Tepco or Tokyo Electric Power Company was forced to compensate the victims of the 2011 Fukushima nuclear accident with a staggering £330 billion which is currently the largest criminal fine to date.
A lot of regulators around the world are trying to catch up with companies in industries like finance and technology. Large fines are becoming one of the most effective ways to hold big companies with huge profits to account.
Here are some of the largest criminal fines ever paid, as well as who had to pay them and why.
Who paid the largest criminal fine in history?
Pfizer is often said to have paid the largest criminal fine in history. The pharmaceutical company fell into trouble with US regulators in 2009.
But other big companies have paid out bigger fines before and after Pfizer.
People who were hurt in 2011’s Fukushima disaster have been told that Tepco, which stands for Tokyo Electric Power Co, must pay £330 billion in damages.
Fukushima Daiichi Nuclear Power Plant in Japan had the worst nuclear disaster since Chernobyl in 1986. It was caused by the devastating earthquake and tsunami that hit Japan in March 2011 and was the worst nuclear disaster since Chernobyl.
Following an investigation into the Fukushima disaster, three Tepco CEOs were charged with not making sure safety requirements were met. A Japanese parliamentary panel said the disaster was “profoundly man-made.”
The three Tepco executives were later found not to be responsible for the disaster, but the company was still forced to pay more than £300 billion in damages to people who were hurt by the leaks in the pipes.
In 2012, BP was also hit with a criminal fine of $2.8 billion for its role in the Deepwater Horizon oil spill in the Gulf of Mexico. But the cost of BP’s costly compensation process later pushed the bill up to about $47 billion.
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There were 11 deaths and a $4.5 billion fine from U.S. regulators because of an environmental disaster in 2010.
In the end, Buzzfeed found out that BP only paid $25 million to Mexico because of the accident.
The Bank of America, which has paid out an estimated $82.7 billion since 2000, also paid about $11 billion in damages for its role in the 2008 subprime mortgage crisis and financial crash.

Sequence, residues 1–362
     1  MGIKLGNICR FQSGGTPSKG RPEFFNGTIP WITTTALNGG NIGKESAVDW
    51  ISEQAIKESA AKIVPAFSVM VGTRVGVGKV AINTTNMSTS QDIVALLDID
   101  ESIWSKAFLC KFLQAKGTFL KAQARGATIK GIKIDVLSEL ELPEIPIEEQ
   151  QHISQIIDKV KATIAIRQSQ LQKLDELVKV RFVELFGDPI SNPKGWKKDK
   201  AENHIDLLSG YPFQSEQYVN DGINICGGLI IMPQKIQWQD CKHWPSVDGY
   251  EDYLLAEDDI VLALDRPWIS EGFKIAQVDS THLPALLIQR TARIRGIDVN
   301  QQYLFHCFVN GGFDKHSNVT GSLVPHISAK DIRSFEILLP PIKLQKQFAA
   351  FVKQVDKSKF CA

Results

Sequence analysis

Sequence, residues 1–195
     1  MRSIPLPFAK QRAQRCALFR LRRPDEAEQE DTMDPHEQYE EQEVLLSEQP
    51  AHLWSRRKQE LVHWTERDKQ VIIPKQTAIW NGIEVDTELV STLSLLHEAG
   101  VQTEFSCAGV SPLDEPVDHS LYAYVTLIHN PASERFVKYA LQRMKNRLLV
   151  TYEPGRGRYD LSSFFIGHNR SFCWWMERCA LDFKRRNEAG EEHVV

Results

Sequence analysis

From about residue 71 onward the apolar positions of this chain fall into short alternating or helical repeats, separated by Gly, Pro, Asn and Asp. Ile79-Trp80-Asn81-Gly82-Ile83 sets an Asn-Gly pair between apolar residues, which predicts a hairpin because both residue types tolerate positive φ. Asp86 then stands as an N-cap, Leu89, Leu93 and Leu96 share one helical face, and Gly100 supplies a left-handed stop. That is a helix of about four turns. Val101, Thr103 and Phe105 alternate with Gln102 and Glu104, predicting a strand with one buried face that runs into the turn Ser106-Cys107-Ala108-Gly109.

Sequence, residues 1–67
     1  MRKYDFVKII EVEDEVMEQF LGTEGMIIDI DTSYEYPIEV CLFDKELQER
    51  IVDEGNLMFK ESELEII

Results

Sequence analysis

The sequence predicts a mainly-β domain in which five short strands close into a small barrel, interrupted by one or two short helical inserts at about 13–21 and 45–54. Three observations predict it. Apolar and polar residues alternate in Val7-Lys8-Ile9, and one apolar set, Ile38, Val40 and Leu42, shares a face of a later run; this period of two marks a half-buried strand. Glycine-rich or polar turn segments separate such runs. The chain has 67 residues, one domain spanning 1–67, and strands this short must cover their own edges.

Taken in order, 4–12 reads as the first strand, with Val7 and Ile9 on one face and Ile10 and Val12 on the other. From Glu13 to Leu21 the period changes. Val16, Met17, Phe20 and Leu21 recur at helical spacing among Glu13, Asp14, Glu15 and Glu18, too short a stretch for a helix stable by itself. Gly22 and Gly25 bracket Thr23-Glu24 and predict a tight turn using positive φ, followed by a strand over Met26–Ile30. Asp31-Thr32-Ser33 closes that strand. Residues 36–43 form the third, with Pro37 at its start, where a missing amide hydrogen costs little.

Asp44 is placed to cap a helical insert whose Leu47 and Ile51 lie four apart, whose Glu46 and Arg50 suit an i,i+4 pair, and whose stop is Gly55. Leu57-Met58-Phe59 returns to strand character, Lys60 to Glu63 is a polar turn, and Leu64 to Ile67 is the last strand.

How much was Pfizer’s criminal fine, and why did it have to pay it?
While the criminal fine of £1.7 billion ($2.3 billion) imposed on Pfizer in 2009 was somewhat smaller than the massive penalties imposed on firms such as Tepco, BP, and Bank of America, the fine nonetheless established a new record at the time as the largest healthcare fraud settlement and criminal fine to date.
US authorities ordered Pfizer to pay the fine after it was shown to have committed fraud by mispromoting the now-withdrawn painkiller Bextra.
The corporation pled guilty to accusations of promoting the medicine for ‘off-label’ uses not permitted by the US Food and Drug Administration (FDA).
Pfizer removed Bextra off the market in 2005, however it had been pushed for applications and doses that the FDA had expressly denied due to safety concerns about the medicine.
Which industries pay the largest fines?
According to Diggity Marketing, the financial services business has received the highest penalties to far.
As of February 2021, the industry, which included banks and payment companies, had accrued penalties totaling $331,558,339,161 spanning more than 6,000 fines.
The pharmaceutical business came in second with 944 penalties totaling slightly more than $56 billion, while the oil and gas industry came in third with fines totaling around $45 billion.
Bank of America topped the list of firms that have paid the most in penalties to far, with JPMorgan Chase coming in second, having paid more than $35 billion in fines.